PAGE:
Now on a bi-monthly schedule, Joker/Harley: Criminal Sanity is back this week, further fleshing out the adventures of a new version of Harley Quinn who is a profiler for the Gotham police department. The DC Black Label series has been a good one, mixing hyper-realistic art with well-researched investigative elements with a twisted version of Joker who puts his victims into twisted artistic showings for the public. Joker has taken a liking to Harley though and in this latest issue, they get ever closer.
It is becoming clearer after reading this issue that the series is about connection. Harley lacks meaningful connections, which is evident in a funeral scene where Harley’s mother is put to rest. Joker is also alone in many respects, but the big difference is, of course, Joker is homicidal and quite twisted in his work. Where they do relate in their work is their commitment and near-obsession with what they do. The personalities of these characters are clearly well thought out by writer Kami Garcia and it shows in this issue.
Meanwhile, Joker’s horrible artistry continues, which has made this series feel like a gallery showing with each installment. We’re guaranteed some twisted murder played up with artistic effect in each issue, and once again the artistic team delivers on that front here. There is also a key flashback to the beginning of Joker’s turn as a murderer, which utilizes a clever spin on the Joker-smile murders we’ve seen in the past. Again, Garcia is quite good at concocting believable ways a murderer would go about torturing the corpses to send a message.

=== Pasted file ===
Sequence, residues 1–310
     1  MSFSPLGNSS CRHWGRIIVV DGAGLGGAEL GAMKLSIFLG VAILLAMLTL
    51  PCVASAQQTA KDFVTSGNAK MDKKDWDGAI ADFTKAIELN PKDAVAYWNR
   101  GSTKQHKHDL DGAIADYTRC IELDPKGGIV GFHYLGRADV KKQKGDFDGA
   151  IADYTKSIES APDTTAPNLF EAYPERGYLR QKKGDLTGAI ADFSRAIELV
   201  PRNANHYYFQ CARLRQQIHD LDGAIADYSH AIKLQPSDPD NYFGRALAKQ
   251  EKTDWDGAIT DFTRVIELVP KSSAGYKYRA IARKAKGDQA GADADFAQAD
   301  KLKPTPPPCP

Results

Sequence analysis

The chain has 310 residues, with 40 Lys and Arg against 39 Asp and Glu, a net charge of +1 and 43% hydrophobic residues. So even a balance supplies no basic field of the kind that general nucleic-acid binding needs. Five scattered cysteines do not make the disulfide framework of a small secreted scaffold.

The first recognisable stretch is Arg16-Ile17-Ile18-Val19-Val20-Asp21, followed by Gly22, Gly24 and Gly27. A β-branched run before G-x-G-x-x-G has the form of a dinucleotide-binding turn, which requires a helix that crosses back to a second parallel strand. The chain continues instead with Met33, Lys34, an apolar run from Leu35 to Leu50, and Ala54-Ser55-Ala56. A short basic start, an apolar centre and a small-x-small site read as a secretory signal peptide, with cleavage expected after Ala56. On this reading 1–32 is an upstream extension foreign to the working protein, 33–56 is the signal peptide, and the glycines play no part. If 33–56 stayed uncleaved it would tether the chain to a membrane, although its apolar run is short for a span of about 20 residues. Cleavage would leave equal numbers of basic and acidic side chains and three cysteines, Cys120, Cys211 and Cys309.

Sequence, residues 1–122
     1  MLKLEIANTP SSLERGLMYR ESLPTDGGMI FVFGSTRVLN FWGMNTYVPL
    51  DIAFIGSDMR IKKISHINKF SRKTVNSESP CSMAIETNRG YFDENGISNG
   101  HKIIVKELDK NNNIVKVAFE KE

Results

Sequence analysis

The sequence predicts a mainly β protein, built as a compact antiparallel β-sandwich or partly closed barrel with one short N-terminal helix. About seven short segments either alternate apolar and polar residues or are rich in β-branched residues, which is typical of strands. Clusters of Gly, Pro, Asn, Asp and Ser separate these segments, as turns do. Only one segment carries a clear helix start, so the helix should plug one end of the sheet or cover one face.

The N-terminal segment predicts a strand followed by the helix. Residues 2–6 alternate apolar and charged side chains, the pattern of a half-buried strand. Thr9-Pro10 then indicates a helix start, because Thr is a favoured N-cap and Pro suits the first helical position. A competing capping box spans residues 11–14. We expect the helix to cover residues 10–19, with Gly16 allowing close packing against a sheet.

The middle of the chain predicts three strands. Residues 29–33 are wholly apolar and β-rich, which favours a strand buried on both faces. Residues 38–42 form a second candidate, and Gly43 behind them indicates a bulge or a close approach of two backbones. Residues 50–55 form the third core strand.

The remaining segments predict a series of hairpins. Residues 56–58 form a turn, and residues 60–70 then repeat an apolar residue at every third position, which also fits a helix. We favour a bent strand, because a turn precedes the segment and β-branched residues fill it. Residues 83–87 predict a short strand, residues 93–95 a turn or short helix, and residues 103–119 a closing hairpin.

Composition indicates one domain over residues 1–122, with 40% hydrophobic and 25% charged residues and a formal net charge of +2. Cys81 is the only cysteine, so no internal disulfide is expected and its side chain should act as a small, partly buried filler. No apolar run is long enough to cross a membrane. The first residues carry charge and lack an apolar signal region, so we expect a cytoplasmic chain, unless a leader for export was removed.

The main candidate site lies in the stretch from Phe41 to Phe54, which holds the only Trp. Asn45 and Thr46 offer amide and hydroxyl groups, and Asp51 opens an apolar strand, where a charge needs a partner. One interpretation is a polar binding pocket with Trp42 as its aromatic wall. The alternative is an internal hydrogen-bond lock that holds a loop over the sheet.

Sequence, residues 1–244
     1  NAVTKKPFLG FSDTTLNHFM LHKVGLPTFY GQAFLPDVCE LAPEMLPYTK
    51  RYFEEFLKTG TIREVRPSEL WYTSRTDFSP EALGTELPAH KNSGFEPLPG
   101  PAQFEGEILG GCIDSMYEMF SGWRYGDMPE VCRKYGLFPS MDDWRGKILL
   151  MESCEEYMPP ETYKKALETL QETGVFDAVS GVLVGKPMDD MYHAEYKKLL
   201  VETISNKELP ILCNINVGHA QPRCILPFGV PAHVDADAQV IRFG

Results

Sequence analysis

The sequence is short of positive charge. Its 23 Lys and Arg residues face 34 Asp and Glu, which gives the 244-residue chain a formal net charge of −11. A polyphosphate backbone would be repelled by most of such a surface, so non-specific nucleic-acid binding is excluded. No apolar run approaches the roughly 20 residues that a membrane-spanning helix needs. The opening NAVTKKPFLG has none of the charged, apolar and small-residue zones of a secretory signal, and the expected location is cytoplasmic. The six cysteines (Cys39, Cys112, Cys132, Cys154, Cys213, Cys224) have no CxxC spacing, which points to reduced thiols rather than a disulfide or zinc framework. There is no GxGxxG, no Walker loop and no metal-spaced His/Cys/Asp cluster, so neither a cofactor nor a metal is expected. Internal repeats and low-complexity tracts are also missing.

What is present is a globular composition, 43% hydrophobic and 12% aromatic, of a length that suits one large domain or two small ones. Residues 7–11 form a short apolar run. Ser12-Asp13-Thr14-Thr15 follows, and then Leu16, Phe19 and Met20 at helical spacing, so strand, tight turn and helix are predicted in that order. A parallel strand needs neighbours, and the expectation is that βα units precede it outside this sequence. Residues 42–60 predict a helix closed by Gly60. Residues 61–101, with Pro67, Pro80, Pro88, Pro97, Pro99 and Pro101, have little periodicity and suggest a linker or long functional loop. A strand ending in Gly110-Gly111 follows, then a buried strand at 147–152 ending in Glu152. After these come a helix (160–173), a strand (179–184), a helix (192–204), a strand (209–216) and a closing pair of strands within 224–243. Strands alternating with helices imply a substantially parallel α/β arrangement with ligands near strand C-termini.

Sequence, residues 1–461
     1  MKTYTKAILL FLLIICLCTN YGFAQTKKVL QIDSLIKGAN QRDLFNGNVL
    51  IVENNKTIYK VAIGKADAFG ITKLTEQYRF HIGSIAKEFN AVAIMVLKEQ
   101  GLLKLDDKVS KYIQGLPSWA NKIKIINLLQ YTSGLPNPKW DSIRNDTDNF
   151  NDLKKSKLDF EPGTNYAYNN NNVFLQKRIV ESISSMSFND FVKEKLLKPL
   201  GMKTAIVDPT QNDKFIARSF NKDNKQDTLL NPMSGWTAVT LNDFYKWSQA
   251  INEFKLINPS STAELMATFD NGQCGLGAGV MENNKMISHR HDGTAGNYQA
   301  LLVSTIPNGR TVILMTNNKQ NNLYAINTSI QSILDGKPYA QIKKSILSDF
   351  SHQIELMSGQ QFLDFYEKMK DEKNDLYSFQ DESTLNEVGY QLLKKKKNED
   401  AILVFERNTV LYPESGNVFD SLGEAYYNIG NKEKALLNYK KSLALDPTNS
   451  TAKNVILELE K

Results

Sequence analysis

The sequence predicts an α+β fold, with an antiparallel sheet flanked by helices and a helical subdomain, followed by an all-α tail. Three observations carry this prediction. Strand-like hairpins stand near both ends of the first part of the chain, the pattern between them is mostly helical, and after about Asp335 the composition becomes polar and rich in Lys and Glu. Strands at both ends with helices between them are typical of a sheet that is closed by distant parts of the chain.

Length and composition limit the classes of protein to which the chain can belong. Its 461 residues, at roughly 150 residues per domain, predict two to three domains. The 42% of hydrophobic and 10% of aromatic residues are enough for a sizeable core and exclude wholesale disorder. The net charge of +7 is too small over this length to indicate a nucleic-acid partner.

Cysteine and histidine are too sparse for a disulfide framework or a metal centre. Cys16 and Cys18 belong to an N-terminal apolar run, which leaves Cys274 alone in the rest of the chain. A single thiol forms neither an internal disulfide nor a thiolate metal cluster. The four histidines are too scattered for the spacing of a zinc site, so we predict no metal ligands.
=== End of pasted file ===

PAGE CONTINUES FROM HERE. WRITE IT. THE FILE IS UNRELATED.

The art is shared by Jason Badower and Mico Suayan, who both continue to wrap this narrative up in a realistic look that grounds everything. Suayan’s scenes are cast in black and white, giving them a darker tone and a detective feel as if we’re looking at black and white photos from a murder scene. There is a spot of color used to show off Joker’s hair and makeup, making his appearances feel otherworldly. In fact, one could argue Annette Kwok’s colors are telling another story entirely with Harley typically boxed in with black and white and Joker showing a brighter and more freeing world.
This issue shies away from revealing more about Harley and has the effect of making this issue much more centered on Joker and his experience. Harley seems to be reacting to Joker, and getting quite sick of him, or reacting to situations she can’t escape from. In fact, the lack of captions in this issue makes it much less introspective and thus less character-driven. It’s like we’re watching crazy events transpire rather than in previous issues living inside Harley’s head and attempting to understand her. This book has leaned heavily in one character’s favor or the other, and here both get left out a bit for the sake of moving the plot along with the action.
This is a good issue of the Joker/Harley: Criminal Sanity series, moving the plot along and readying fans for another Harley vs. Joker showdown. It seems to pull away from captions to instead focus on action and that’s okay, but it does make the narrative lose sight of who our characters are. Over and over, this issue seems to suggest Harley is losing control. Maybe Joker is the only one who can give it back to her.
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